Darts and Laurels (9/3/09)
Time for a few more Darts and Laurels.
First, a big Laurel goes to the National Prostate Cancer Coalition for surpassing their goal of performing 2,000 free prostate screenings during the just-completed Kentucky State Fair. Since approximately 200 of the results were abnormal, it's safe to say this initiative helped save a significant number of lives.
Meanwhile, a Dart goes to local attorney David Mour, who's once again fighting with the city over its efforts to collect unpaid parking fines. He says "a $55 fine for an expired meter is outrageous," and says he thinks "most folks would probably agree with that."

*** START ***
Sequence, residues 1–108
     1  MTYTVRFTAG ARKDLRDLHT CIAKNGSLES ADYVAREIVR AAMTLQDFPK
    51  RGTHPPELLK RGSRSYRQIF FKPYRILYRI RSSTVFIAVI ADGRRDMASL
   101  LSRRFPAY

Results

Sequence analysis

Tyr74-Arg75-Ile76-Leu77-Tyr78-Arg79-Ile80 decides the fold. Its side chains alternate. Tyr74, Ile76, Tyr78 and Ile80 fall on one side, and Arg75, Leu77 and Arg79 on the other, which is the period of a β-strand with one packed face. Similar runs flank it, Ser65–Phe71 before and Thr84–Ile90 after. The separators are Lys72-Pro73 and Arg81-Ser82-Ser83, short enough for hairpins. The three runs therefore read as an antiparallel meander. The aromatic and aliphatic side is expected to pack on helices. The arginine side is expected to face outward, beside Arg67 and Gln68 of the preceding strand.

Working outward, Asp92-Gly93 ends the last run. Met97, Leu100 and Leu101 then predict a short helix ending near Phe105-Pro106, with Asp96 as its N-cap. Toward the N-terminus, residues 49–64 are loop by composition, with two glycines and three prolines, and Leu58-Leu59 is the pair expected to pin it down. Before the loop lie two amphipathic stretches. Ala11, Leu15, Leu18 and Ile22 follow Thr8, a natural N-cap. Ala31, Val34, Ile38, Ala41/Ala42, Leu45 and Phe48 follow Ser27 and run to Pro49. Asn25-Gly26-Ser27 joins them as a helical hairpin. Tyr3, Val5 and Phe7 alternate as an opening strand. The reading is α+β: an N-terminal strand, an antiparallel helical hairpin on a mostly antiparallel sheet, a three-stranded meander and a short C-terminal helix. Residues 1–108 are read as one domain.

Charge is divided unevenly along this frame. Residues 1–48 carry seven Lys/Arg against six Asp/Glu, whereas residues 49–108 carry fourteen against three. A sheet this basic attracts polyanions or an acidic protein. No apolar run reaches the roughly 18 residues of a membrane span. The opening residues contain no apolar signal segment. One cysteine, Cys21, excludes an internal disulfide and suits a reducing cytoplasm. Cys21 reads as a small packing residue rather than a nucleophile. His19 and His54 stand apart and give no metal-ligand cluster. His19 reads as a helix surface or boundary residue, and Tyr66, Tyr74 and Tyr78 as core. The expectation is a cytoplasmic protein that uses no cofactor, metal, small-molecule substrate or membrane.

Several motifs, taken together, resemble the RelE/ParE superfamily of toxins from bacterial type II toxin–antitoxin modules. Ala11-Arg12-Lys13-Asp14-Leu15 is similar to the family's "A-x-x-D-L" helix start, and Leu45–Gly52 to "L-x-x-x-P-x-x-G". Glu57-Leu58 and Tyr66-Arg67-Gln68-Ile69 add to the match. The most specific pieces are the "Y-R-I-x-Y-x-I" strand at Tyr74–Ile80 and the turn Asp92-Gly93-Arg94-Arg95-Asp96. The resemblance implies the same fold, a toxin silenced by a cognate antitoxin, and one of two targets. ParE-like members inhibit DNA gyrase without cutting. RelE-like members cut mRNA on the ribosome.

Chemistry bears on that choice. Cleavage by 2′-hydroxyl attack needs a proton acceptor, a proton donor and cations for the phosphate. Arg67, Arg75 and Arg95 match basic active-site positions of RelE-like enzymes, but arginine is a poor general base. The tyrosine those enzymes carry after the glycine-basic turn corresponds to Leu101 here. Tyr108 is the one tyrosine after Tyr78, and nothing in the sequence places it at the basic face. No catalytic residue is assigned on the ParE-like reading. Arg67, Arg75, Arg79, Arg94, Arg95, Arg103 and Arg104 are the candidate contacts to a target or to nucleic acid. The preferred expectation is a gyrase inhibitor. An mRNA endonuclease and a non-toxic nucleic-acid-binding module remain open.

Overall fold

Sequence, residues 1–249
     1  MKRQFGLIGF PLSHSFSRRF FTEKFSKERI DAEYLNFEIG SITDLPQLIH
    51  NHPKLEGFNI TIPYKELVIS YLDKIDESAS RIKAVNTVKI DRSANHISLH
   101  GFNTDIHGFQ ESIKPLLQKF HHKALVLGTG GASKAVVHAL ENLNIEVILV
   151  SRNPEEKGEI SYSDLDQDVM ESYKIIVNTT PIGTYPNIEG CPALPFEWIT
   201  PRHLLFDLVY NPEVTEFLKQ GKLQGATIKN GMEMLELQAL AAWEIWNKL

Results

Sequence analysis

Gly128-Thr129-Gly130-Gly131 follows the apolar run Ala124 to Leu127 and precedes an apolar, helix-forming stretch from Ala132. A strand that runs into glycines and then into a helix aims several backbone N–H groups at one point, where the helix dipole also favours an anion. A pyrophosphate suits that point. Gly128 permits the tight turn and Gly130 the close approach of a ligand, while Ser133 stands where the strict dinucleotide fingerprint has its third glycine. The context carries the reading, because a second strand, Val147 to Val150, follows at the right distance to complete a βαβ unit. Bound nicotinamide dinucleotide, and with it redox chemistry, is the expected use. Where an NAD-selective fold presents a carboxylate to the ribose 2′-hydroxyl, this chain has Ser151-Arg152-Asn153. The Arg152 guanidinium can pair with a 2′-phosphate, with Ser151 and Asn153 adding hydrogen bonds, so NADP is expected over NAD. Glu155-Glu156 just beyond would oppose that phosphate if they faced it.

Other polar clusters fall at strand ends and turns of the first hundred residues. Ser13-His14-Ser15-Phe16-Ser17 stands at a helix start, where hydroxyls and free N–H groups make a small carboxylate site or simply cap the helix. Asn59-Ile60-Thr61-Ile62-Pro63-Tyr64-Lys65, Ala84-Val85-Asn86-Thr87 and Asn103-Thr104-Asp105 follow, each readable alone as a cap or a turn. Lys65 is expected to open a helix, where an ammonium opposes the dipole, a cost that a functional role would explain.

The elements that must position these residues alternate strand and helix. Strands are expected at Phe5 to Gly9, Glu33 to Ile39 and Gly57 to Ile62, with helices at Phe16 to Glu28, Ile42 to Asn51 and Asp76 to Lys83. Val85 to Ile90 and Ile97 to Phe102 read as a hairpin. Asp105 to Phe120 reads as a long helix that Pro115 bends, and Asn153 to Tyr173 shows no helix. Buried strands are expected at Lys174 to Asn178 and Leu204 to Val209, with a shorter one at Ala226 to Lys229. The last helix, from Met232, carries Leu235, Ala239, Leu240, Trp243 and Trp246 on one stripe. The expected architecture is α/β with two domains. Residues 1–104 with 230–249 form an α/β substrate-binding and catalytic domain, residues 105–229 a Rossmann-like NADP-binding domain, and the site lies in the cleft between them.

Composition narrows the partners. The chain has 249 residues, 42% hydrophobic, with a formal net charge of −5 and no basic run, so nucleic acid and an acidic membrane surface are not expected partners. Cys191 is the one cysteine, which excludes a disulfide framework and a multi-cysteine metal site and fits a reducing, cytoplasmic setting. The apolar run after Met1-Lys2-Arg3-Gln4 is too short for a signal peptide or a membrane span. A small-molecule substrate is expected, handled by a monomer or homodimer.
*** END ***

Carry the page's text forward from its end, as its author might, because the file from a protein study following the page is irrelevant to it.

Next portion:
The part he leaves out is that people who pay their tickets on time only pay $25. And those who pay within seven days even get a discount to just $15. That's fair. Just as it's fair for people who think they're above the law to cough up considerably more when they're finally caught.
And finally, a Laurel goes to Metro Council members Jim King and Kelly Downard for introducing an ordinance that would require much greater public accountability on the part of companies receiving city tax money. This is not only a much-needed response to the recent controversy involving the Cordish Company. It's also an admirable example of how cooperation between Democrats and Republicans can accomplish so much more than constant bickering.
I'm Bill Lamb, and that's my...Point of View.